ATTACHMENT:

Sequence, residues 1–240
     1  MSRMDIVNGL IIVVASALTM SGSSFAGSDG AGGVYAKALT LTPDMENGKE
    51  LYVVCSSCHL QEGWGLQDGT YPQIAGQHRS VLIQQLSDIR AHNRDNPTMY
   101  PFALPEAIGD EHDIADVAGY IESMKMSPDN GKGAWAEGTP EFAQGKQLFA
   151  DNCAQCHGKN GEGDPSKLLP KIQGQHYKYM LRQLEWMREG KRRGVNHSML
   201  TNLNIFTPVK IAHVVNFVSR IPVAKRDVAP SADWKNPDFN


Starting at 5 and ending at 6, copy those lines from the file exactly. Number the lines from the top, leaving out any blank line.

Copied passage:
   151  DNCAQCHGKN GEGDPSKLLP KIQGQHYKYM LRQLEWMREG KRRGVNHSML
   201  TNLNIFTPVK IAHVVNFVSR IPVAKRDVAP SADWKNPDFN